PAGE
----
Is it illegal to pick wildflowers in West Virginia?

Beckley, WV (25801) It is illegal to pick wildflowers in West Virginia if they are within 100 yards of either side of a public road. Family members often donate a half-acre or one-acre plot in memory or in honor of a loved one. This Operation Wildflower plot is located along U.S. 19 in Fayette County.

What wildflowers grow in West Virginia?

When you visit West Virginia State Parks and Forests, keep an eye out for some of these spring wildflowers:

  • Yellow Lady’s Slipper (Cypripedium parviflorum)
  • Early Saxifrage (Saxifraga virgiensis)
  • Indian Paintbrush (Castilleja coccinea)
  • Marsh Marigold (Caltha palustris)
  • Dwarf Larkspur (Delphinium tricorne)

What is Operation Wildflower?

A. In 1973 the Operation Wildflower initiative was announced. Some States continue the program of working with volunteer groups to plant wildflowers to this day. Through careful planning and selection of safe planting sites by State Highway Agencies, we expect to see more volunteer participation.

Where are the wildflowers in West Virginia?

Here are just a few great places to spot wildflowers:

  • WVU Core Arboretum.
  • New River Gorge Area.
  • Sunrise Carriage Trail.
  • Canaan Valley Resort State Park.
  • Fernow Experimental Forest.
  • Dolly Sods Wilderness.
  • Cacapon Resort State Park.
  • Audra State Park.

Is it OK to pick wild flowers?

Contrary to widespread belief, it is not illegal to pick most wildflowers for personal, non-commercial use. In a similar vein, it’s not illegal to forage most leaves and berries for food in the countryside for non-commercial use.

What is WV state flower?

West Virginia/State flower

Rhododendron – West Virginia’s State Flower. With the recommendation of the Governor and a vote by public school pupils, the Legislature adopted House Joint Resolution 19 on January 29, 1903, naming the Rhododendron the official state flower.

Is it illegal to cut wild flowers?

Contrary to widespread belief, it is not illegal to pick most wildflowers for personal, non-commercial use.

What is the state flower of West Virginia?

Is it against the law to pick bluebells?

The bluebell is protected under the Wildlife and Countryside Act (1981). This means digging up the plant or bulb in the countryside is prohibited and landowners are prohibited from removing bluebells from their land to sell.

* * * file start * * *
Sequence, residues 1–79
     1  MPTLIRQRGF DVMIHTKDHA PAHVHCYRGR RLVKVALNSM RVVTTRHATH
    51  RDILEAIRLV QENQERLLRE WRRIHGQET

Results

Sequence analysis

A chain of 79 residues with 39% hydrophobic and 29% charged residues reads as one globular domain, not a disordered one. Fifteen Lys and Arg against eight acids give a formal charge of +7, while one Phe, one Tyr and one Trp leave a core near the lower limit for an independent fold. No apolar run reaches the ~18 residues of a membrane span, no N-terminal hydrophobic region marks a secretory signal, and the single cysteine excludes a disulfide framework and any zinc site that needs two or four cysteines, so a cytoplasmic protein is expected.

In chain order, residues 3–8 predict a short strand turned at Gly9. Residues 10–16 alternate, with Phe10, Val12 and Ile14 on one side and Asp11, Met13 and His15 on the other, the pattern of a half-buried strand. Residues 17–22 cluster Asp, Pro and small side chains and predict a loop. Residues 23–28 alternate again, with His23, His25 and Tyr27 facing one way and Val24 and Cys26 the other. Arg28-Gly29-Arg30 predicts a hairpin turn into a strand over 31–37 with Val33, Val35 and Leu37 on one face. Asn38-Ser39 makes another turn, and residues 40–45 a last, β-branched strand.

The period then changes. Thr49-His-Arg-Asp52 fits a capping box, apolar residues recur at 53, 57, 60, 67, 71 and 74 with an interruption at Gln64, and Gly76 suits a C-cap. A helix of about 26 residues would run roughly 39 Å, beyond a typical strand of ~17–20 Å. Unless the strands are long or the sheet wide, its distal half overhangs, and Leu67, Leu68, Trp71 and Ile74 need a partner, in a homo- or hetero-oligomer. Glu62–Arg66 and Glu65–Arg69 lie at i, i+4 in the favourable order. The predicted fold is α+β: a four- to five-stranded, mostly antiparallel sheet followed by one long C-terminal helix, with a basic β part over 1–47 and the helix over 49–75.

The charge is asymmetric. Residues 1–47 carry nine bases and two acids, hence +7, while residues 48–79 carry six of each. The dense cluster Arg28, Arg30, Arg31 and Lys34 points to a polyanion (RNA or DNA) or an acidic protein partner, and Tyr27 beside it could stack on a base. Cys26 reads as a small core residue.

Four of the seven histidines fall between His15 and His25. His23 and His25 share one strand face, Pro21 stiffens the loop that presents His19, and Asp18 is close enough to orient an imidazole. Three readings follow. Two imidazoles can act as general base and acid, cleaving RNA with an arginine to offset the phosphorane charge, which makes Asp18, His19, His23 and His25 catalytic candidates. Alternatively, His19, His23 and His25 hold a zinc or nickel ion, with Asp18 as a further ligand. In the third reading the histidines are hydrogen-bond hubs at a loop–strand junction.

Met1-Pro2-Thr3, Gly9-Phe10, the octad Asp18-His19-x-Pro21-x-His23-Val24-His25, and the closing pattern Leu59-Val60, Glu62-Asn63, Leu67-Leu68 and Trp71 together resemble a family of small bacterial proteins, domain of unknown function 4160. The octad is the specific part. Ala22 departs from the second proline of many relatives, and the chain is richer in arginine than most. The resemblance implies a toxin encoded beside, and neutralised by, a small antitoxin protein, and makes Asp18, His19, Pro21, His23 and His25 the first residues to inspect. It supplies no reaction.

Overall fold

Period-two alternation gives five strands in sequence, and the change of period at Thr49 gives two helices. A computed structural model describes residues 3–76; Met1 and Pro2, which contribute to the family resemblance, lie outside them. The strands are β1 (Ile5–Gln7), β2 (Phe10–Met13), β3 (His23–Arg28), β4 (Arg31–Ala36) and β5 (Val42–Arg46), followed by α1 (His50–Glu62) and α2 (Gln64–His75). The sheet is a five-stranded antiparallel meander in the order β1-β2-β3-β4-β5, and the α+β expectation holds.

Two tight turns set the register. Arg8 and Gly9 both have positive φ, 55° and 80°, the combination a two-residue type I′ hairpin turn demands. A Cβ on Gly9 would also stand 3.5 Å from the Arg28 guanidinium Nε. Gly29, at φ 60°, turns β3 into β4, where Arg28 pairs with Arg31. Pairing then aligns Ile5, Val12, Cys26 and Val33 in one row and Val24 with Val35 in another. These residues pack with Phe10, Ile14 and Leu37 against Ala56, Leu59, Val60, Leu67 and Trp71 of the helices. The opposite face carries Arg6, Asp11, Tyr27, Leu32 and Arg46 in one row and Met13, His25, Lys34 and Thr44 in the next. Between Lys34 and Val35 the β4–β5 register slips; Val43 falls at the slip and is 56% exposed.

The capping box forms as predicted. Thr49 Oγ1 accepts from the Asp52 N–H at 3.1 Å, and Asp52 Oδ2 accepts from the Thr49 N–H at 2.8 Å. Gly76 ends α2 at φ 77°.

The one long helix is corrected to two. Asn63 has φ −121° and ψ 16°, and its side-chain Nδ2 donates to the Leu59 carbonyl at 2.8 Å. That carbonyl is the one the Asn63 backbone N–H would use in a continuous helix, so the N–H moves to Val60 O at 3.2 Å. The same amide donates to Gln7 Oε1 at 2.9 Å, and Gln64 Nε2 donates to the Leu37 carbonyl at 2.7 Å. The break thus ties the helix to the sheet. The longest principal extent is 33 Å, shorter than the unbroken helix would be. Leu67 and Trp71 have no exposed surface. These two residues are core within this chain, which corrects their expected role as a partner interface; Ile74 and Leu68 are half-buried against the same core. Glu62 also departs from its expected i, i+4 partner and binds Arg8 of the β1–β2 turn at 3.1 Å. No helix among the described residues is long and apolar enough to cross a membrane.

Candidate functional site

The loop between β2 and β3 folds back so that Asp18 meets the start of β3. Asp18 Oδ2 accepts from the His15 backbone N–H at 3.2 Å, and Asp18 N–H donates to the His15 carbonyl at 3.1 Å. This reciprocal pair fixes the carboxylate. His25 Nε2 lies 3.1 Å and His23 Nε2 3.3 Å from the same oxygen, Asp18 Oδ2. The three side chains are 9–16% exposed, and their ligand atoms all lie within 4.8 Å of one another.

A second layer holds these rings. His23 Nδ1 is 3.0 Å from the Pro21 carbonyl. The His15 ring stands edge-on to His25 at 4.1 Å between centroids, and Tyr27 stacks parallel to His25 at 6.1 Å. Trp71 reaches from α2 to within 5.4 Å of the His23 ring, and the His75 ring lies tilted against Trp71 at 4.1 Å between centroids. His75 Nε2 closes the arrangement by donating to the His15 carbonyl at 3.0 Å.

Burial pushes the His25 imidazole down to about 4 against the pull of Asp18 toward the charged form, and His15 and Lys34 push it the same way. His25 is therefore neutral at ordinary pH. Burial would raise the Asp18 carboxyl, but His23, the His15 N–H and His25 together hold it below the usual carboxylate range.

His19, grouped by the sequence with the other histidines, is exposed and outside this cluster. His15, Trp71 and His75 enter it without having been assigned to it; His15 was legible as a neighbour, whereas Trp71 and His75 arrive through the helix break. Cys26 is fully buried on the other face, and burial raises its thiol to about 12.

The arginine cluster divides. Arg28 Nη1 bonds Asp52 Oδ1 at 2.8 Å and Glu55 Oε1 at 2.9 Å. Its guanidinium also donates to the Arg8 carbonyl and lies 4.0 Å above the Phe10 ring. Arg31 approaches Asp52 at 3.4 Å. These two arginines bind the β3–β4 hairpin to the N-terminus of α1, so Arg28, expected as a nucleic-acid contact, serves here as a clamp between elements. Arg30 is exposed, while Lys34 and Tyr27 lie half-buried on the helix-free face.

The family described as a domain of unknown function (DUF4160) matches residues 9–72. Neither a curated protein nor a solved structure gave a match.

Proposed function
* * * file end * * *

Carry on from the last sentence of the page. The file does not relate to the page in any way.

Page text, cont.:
Is it illegal to dig up wild snowdrops?

They are protected under CITES (Convention on International Trade in Endangered Species of Wild Fauna and Flora) rulings, aka the Washington Convention, and the trading of Snowdrop bulbs is tightly regulated. In most countries it is illegal to collect bulbs from the wild, the exceptions being Turkey and Georgia.

Where do wildflowers grow on West Virginia roads?

The program began in 1990 under the DNR with a test site on I-64 near Huntington, West Virginia. The success of the site led to the expansion of the program to include donations from garden clubs and the public. Today, more than 250 acres of wildflowers grow on state roads, including sites on every interstate highway.

How to donate wildflowers in West Virginia project wildflower?

Project Wildflower makes it possible for wildflower sites to be donated in the name of an individual, business, civic organization, etc. A sign near the wildflower bed will honor the name chosen. Donations must be received by February 15th for plantings to occur that year. More information…

What kind of plants are planted in operation wildflower?

Some plots are planted with only one species and mowed down when the bloom is gone. Single species sites include Poppies, Crimson clover, Daisies, Catchfly and Indian Blanket. It is obvious from media coverage and public comment that Operation Wildflower is beneficial to the state.

Who are the authors of flora of West Virginia?

Flora of West Virginia by P. D. Strasbaugh and Earl L. Core. W. Va. University Bookstore. 2. Spring WildÀowers by Earl L.Core. W. Va. University and W. Va. Dept. of Natural Resources. 3. WildÀowers of the Alleghenies by Joseph E. Harned.